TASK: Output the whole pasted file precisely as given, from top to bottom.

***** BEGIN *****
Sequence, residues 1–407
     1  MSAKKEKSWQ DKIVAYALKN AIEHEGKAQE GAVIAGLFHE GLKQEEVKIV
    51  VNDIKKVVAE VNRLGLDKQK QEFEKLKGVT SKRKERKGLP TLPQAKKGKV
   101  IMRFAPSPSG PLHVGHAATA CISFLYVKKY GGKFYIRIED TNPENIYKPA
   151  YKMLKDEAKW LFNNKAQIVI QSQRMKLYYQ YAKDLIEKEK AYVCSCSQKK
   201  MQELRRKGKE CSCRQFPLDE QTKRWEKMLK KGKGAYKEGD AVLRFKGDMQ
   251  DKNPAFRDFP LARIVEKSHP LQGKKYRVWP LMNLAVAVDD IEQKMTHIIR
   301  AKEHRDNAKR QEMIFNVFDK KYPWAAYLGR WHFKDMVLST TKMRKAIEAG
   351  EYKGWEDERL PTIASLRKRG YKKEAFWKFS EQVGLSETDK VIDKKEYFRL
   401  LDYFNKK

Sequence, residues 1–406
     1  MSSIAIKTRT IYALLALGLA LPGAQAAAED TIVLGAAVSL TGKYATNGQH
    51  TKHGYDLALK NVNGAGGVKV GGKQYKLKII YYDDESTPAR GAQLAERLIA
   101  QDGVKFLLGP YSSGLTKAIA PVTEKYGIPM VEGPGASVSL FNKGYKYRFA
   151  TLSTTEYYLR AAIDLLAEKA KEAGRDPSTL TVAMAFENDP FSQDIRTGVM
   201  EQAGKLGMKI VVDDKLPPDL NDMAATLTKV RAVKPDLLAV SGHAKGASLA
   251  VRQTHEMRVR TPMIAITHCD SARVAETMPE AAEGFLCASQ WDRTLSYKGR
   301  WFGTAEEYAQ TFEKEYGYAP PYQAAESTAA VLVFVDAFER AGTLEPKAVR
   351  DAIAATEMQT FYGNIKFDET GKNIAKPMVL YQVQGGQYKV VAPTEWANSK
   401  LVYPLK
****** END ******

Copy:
Sequence, residues 1–407
     1  MSAKKEKSWQ DKIVAYALKN AIEHEGKAQE GAVIAGLFHE GLKQEEVKIV
    51  VNDIKKVVAE VNRLGLDKQK QEFEKLKGVT SKRKERKGLP TLPQAKKGKV
   101  IMRFAPSPSG PLHVGHAATA CISFLYVKKY GGKFYIRIED TNPENIYKPA
   151  YKMLKDEAKW LFNNKAQIVI QSQRMKLYYQ YAKDLIEKEK AYVCSCSQKK
   201  MQELRRKGKE CSCRQFPLDE QTKRWEKMLK KGKGAYKEGD AVLRFKGDMQ
   251  DKNPAFRDFP LARIVEKSHP LQGKKYRVWP LMNLAVAVDD IEQKMTHIIR
   301  AKEHRDNAKR QEMIFNVFDK KYPWAAYLGR WHFKDMVLST TKMRKAIEAG
   351  EYKGWEDERL PTIASLRKRG YKKEAFWKFS EQVGLSETDK VIDKKEYFRL
   401  LDYFNKK

Sequence, residues 1–406
     1  MSSIAIKTRT IYALLALGLA LPGAQAAAED TIVLGAAVSL TGKYATNGQH
    51  TKHGYDLALK NVNGAGGVKV GGKQYKLKII YYDDESTPAR GAQLAERLIA
   101  QDGVKFLLGP YSSGLTKAIA PVTEKYGIPM VEGPGASVSL FNKGYKYRFA
   151  TLSTTEYYLR AAIDLLAEKA KEAGRDPSTL TVAMAFENDP FSQDIRTGVM
   201  EQAGKLGMKI VVDDKLPPDL NDMAATLTKV RAVKPDLLAV SGHAKGASLA
   251  VRQTHEMRVR TPMIAITHCD SARVAETMPE AAEGFLCASQ WDRTLSYKGR
   301  WFGTAEEYAQ TFEKEYGYAP PYQAAESTAA VLVFVDAFER AGTLEPKAVR
   351  DAIAATEMQT FYGNIKFDET GKNIAKPMVL YQVQGGQYKV VAPTEWANSK
   401  LVYPLK